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YOUR KNEE AND HOW IT WORKS: CARTILAGE

The basic function of cartilage is to absorb shock and protect the bones. There are two types of cartilage in the knee joint: articular cartilage and the menisci.

The articular cartilage, also known as hyaline cartilage, is a white elastic material that lines the three bones that form the knee joint: the patella, femur and tibia. It is anywhere from 1/8 to 1/2 inch in thickness. Articular cartilage allows the knee (and other joints) to move in a fluid motion. Articular cartilage is composed primarily of water, collagen, and substances called proteoglycans, which are made up of large proteins and sugars. The wearing away of the articular cartilage, either through a traumatic injury or overuse, can result in arthritis. Softening or wearing away of the articular cartilage is called chondromalacia. Severe arthritis becomes evident when the hyaline cartilage is completely worn exposing raw bone (the subchondral bone).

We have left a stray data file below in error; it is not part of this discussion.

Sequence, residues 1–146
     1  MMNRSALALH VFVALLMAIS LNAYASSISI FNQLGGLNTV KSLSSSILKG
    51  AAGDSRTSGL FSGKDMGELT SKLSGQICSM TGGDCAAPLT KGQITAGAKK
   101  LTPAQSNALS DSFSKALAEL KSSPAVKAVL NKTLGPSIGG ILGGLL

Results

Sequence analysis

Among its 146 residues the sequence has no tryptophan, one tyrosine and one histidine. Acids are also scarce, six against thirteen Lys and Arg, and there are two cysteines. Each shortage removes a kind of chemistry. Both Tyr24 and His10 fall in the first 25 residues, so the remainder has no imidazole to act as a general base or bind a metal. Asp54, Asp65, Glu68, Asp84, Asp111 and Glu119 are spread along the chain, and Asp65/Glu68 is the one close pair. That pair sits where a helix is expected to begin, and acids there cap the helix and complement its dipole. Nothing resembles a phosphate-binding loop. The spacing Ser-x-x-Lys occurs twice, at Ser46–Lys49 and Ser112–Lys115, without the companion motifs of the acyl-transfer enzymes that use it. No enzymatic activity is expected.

Each knee has two menisci: the medial mensicus and lateral meniscus. (Medial refers to a part that is closest to the other leg, lateral refers to a part that is further away from the other leg.) The menisci are made of fibrous cartilage, a thick rubbery-type substance. Located on top of the tibial plateau, both menisci are basically shock absorbers, helping the knee withstand the enormous shear (side) forces that are placed on it daily. Meniscal injuries are fairly common, especially among athletes and are often a result of excessive force. Wear and tear due to age can also cause damage to the menisci.

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